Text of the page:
Adyashanti: Imagine there is no time

 

Take a moment and imagine that there is no time. Take a moment to just let go of tomorrow. What if letting go of suffering wasn’t possible tomorrow – that today, even right now, was all you had, and you had nothing else but today? All of a sudden, you would look at your whole existence through completely different eyes. See if you can feel what it is to exist only now. See what its like to completely take tomorrow, and yesterday, out of the picture.

– Adyashanti from Falling into Grace

A few basic things here:

In an ordinary sense, it’s of course fine and reasonable to postpone some things into the future – such as meetings, appointments, tasks and events. I’ll put some things on my calendar for the next few weeks, and even months, and do them (or not) as the day and time is here. It’s fine to put these into an imagined future, because it tends to work.

And yet, with certain “inner” things, it makes much more sense to do it here and now.  These may include…. finding love for what’s here, pulling discomfort closer, using a gentle inquiry to see what’s here, asking myself “is it true that what I am seeking is not already here?”.

Putting these into an imagined future creates a pattern and habit of postponing. It gives the mind a way out from doing it here and now.

It also tends to reinforce the idea of a real and solid future “out there” somewhere. Is there really a findable future, or even a past or present? Is the word “future” the actual future? Is this image of a future an actual future? Is this sensation associated with “future” an actual future? Can I find the future anywhere, outside of words, images and sensations (clearly happening now)? As I examine this and take it in, the option of postponing certain things into the future seems less attractive or real. Why not do it now?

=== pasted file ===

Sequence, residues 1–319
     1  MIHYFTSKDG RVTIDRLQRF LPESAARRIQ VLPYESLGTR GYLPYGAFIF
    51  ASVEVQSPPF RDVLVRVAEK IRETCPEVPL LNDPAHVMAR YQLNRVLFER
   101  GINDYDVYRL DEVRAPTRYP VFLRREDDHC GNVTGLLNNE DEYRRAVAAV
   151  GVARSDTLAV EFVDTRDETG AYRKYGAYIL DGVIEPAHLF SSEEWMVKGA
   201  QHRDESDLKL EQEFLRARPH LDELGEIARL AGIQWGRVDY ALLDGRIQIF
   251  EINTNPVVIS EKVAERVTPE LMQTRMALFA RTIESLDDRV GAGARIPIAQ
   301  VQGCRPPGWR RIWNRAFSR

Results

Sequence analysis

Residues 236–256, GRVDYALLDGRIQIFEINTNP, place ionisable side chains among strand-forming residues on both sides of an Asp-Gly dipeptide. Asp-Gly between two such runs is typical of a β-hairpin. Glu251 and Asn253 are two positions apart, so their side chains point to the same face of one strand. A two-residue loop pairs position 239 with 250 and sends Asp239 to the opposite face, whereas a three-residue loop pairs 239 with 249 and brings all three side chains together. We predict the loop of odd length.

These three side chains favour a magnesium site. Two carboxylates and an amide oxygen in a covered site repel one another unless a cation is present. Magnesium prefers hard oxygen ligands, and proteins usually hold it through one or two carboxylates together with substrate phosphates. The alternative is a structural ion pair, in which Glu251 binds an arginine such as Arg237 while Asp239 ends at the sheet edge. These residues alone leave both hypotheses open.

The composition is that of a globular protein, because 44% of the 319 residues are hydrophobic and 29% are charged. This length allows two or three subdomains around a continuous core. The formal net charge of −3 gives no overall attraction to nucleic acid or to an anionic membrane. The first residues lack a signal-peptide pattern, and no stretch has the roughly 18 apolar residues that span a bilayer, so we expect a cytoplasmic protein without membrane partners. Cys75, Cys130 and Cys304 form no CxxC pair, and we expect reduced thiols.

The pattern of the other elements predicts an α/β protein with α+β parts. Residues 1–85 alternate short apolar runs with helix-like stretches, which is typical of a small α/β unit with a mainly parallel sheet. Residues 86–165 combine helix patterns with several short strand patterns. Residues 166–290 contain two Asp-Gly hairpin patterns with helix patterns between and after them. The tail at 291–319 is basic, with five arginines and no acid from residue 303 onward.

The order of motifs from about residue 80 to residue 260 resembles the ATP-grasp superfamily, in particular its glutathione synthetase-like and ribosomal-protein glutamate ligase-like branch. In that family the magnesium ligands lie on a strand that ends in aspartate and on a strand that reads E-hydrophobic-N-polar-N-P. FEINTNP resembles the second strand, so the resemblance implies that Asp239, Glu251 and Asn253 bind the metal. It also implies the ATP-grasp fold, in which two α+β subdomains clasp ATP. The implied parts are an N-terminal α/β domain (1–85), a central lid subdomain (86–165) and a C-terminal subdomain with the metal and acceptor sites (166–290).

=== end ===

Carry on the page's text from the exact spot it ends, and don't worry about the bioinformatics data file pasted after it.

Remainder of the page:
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It’s very easy for our minds to think “I’ll get to it later”. It is true, in a conventional sense, that we can “get to it later”. And yet, thinking about it that way creates a pattern and a habit of postponing. The mind gives itself a way out from doing it here and now.

In a more real sense, there is no findable future or past, or even present. Is the word “future” the actual future? Is this image of a future an actual future? Is this sensation associated with “future” an actual future? Can I find the future anywhere, outside of words, images and sensations (clearly happening now)? As I examine this and take it in, the option of postponing certain things into the future seems less attractive or real. Why not do it now?

There is also a practical aspect here. Of course, in an ordinary sense, it’s fine to postpone some things into the future. I’ll put some things on my calendar for the next few weeks, and even months, and do them (or not) as the day is here. And yet, with certain “inner” things, it makes much more sense to do it here and now, recognizing that here and now is all I have and will ever have.

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